Labour's bubble burst, but what's this amongst the minors?

National is still defying gravity in the first polls of the campaign proper. But there are  talking points emerging on the right and potential decisions looming for John Key

Ok, two polls late today, but one clear message. While the green shoots of spring are popping up around the country, it's still winter in Labour-land. While the party can't have expected a serious swing so soon, it must feel as if someone has just burst its balloon. It would have hoped for some sign of change.

Instead, it got the status quo. National defies gravity for another week, at 56 percent in the One News-Colmar Brunton poll and 54 percent in the NZ Herald DigiPoll. Worse news for Labour is that in the One News poll, the undecideds had fallen from eight percent to four percent.

That's a sign that some folk who are now taking a closer look at Labour aren't liking what they see. With Phil Goff winning just 12 percent support in answer to the preferred Prime Minister question, you've got to think leadership is a major factor in that.

The assumption is that these numbers seem a bit too high; that National must slip below 50 percent sometime soon. But let's remember, depending on the over-hang in parliament and wasted vote, under MMP it's not a simple 50 percent that determines a party's ability to govern alone.

National may only need 48 percent to govern alone, so at some stage we may have to consider that John Key may follow in Sid Holland's footsteps and win, if not a majority, then the MMP equivalent.

Even our Poll of Polls has National comfortably above 50 percent and no sign the left has been growing its collective slice of the pie.

I don't think these numbers undermine the analysis of the past week, that Labour started strongly and set the agenda at first. It may well be that the strong start and the narrative its chosen – that Labour is a party of ideas and one willing to take the tough decisions – has ensured Labour won't suffer the sort of defeat Bill English's National did in 2002. And it serves Labour well for 2014.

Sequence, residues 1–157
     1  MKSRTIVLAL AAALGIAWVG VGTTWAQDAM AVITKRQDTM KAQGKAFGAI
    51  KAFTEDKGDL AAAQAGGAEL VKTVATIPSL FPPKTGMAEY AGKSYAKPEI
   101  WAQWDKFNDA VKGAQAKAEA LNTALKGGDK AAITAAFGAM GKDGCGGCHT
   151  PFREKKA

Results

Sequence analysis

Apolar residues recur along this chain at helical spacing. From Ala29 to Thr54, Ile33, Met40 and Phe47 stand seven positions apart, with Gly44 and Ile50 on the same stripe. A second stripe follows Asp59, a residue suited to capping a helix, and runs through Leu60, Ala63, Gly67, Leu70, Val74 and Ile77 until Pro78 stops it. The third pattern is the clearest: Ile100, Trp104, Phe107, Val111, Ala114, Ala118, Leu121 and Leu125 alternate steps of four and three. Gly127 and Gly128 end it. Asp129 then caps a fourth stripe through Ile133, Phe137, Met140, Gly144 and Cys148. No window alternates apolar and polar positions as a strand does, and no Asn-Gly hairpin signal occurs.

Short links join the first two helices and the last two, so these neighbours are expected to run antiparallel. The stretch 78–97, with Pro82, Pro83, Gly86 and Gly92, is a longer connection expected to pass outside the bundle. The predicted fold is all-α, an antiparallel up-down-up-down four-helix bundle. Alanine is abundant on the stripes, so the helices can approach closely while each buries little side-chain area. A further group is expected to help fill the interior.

But it's not looking like it's been able to break the circuit yet for this race. Thing is people don't vote for tough decisions, unless they think there's no alternative. They vote for rainbows and puppies and interest-free student loans.

Key's "show me the money" line was a strong one that has put National back on the front foot this campaign. But I don't think it's got any special magic.

Frankly, forecasts at the moment, be they Labour's, National's, Treasury's, or Bill's from down the dairy mean sod-all in this global environment. Who has any serious confidence of New Zealand being back in the black in 2014/15?

As I see newsflashes this evening that the Greek government may have lost it majority and we see Berlusconi at risk of being rolled in Italy next week, you may we well pluck numbers from the phone book.

What about the minor parties? The Green Party too is staying high, thus far avoiding its tradtional campaign slide. But the really interesting action is on the right.

It's margin of error stuff, but both polls have ACT at 0.9 percent. That result on election day would mean that if John Banks won Epsom, he would be the lone ACT MP. Which is a twisted move by the political gods, if ever there was one.

Thing is, if Banks can't bring in a second MP, then he's useless to National; it may as well have another MP from its own ranks as a single MP technically representing another party. At what point, if any, does Key choose to cut him adrift?

Not yet. The Poll of Polls, before these two results, still has ACT at 1.6 percent, enough for Banks and Brash. But let's see in another week.

And there in the Herald poll is an intriguing wee number – the Conservative Party making its first appearance in a serious poll as stand-alone party. It's at 1.1 percent, higher than ACT, United Future and Mana.

One poll, of course, means nothing. And the Conservatives don't feature in the One News numbers. Still, there's definitely a narrative that the Conservatives can sell about National's need for a right-wing coalition partner. And Colin Craig has the means to throw some serious money at advertising.

It comes down to Craig winning Rodney. Would Key do to his Mark Mitchell, his Rodney candidate, what Jim Bolger did to Mark Thomas in Wellington Central? He may not need to, but it's now something to consider.